Since the chromosomes are duplicated and separated in the process of cell division, it is obvious that the major macromolecules at some time in the life cycle of a cell. In addition, the original cell size cannot be attained without the synthesis of RNA and cytoplasm protein, to say nothing of less complex molecules.

Since we discussed the descriptive phases of mitosis earlier, let us now attempt to understand something of the intracellular synthesis which occurs during the cycle.

The time relationships involved are highly variable in different organisms and in different cell types of the same organism. Furthermore, variations in the environmental circumstances under which cells are growing have an important bearing upon length of the cycle.

However, we can make some fairly accurate generalizations with regard to the different periods of the cycle, and as we shall we, these generalizations are related to the synthetic activity which is taking place. Experiments involving radioactively labelled precursors of DNA, RNA, and protein have provided a rather clear picture of the points in the cycle ac which these macromolecules that are so important in the control cellular metabolism are synthesized.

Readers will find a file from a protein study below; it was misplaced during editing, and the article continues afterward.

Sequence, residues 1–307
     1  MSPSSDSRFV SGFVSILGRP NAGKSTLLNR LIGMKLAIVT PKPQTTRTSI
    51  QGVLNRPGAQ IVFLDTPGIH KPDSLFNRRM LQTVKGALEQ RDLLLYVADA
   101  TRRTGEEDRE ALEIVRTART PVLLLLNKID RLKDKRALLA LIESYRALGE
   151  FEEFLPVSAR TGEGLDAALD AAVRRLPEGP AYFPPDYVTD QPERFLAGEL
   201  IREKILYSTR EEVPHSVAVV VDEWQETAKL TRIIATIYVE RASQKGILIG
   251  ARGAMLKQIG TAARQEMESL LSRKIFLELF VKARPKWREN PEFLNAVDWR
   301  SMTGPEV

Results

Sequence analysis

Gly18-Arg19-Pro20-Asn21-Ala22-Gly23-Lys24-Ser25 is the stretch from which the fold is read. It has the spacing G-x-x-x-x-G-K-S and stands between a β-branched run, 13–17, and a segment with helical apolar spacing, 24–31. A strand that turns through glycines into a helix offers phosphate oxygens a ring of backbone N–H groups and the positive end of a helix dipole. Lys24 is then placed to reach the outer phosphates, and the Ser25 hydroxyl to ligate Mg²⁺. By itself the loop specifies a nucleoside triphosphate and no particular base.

The total quantity of DNA is doubled during the S period, which provided a full complement of DNA for the prospective cells that will result from the next active division. The synthesis of RNA occurs between late telophase and early prophase.

Protein synthesis occurs throughout the entire cycle, although it occurs at a reduced rate during the stages of active mitosis when the chromosomes are in a state of maximum contraction.

In the light of what we know about the control of protein synthesis this indicates that enough messenger RNA is synthesized in early prophase to permit protein synthesis to continue through the other stages until late telophase, at which point more messenger RNA is template by DNA. In summary, intracellular growth occurs whenever synthetic processes result in a greater amount of protoplasm within a given cell. This ordinarily leads to cell division and with further synthesis and subsequent division, the overall growth of a group of cells occurs. In most cases, then, growth is the result of an increase in cell number.